Entertainment

Duran Duran Review, BST Hyde Park: These wild boys still have bite

In the first week in two years that the government isn’t in the mood for a sly kneel, British Summer Time is throwing the after-party of their wildest dreams. For the past two weeks, Adele, the Rolling Stones, Elton John and the Eagles have pitched their tents under the giant artificial tree growing out of the Hyde Park stage. This afternoon, Nile Rodgers opens the closing party with his usual disco-pop montage of hits written for Chic, Sister Sledge, Diana Ross, Bowie, Daft Punk and Madonna.

“Got any gas in the tank?” ask Simon Le Bon, while Duran Duran, the new romantic heartthrobs of the ’80s, round off one of the festival’s best years with a touch of premium ’80s nostalgia. As it turns out, Hyde Park has enough gas left over to single-handedly solve the cost-of-living crisis.

Duran Duran takes the stage in a variety of hot pink and yellow suits, silver pants and red jackets that make her look like a swarm of sci-fi Angry Birds, and launches into a rigorous “Wild Boys” with flame effects so copious, that those at the back probably think Le Bon spontaneously burned. What’s immediately striking is how relevant and alternative these early hits sound today. With their classic synthetic rock sound, borrowed from The Killers and Muse, and Nick Rhodes’ serene gothic synthesizer tones at the core of modern alt-pop, Duran Duran undoubtedly set their music simmering. Even if they pull “A View to a Kill” out early—Rhodes’ synth lines sound like bullets whizzing past your ear—it’s only the Bond strings and John Taylor’s slap bass that date it to 1985. Were they just a little more menacing, noir-pop tracks like “Save a Prayer,” “Union of the Snake,” and “Hungry Like the Wolf” would be ripe for rediscovery stranger things.

It’s all the more frustrating when songs like “Give It All Up” and “Tonight United” are from last year future past album – co-produced by Marc Ronson, Giorgio Moroder and Erol Alkan – attempt to hunt down contemporary dance-pop, or when they put a tongue-in-cheek chunk of Calvin Harris’ Acceptable in the Eighties on Girls on Film. At moments like this, they seem to be purposely behind the times, oblivious to the cult respect they might earn for just being themselves.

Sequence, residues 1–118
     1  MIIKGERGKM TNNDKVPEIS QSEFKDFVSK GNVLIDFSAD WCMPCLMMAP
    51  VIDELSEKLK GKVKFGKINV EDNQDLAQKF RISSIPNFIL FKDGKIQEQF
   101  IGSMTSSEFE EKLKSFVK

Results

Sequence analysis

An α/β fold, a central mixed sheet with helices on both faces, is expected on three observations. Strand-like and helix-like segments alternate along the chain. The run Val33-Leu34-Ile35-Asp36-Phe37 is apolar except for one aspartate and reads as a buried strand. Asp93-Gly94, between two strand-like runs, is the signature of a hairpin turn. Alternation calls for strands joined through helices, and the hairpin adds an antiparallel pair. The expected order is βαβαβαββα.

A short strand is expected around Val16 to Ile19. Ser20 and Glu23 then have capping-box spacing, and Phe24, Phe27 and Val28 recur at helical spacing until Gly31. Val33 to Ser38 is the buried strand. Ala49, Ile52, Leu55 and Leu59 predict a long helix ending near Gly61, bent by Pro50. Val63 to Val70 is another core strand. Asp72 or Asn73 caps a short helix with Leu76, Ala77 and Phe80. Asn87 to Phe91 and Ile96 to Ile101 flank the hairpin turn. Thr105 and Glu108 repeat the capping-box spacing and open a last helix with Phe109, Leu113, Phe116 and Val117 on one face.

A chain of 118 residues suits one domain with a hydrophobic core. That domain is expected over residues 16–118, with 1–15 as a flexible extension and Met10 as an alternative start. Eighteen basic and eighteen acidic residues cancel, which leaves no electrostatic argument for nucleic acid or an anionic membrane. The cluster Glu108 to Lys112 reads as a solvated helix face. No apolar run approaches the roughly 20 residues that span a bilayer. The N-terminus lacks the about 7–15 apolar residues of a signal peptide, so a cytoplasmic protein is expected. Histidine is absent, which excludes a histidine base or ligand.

But this is not the night for cultural reinvention. Le Bon reminds us that this is “a celebration” that they are happy to lead. He invites “Honorary Member of Duran Duran” Nile Rodgers back onto the stage to lend his disco flourish to “Notorious” and “Pressure Off.” They don’t have to stray too far from their big hits to find themselves in fairly tepid waters – like the drab soul-funk ballad “Come Undone” or the chunky “Friends of Mine” that lives up to their hardcore horror undertones and classics Clips of vampires, werewolves, mummies and aliens. But these numerous hits are never too far away: “Planet Earth” (the debut single from 1981, where new wave and funk bass fatefully collided), “The Reflex” and a rousing “Ordinary World”, a song about it, “on to hold fast to our faith humanity” in front of screens covered with Ukrainian flags.

Despite the band’s well-documented struggles with addiction, a somber cover of Melle Mel’s “White Lines (Don’t Do It)” inevitably comes across as cheesy, from the ultimate yacht-pop band who have reportedly made a habit of cocaine in room service to order in the eighties. Yet it perfectly ushers in a high-energy finale to “Rio,” sending BST 2022 off with the sands of Copacabana between his toes. These wild boys still have bite.

https://www.independent.co.uk/arts-entertainment/music/reviews/duran-duran-review-bst-hyde-park-b2120258.html Duran Duran Review, BST Hyde Park: These wild boys still have bite

JOE HERNANDEZ

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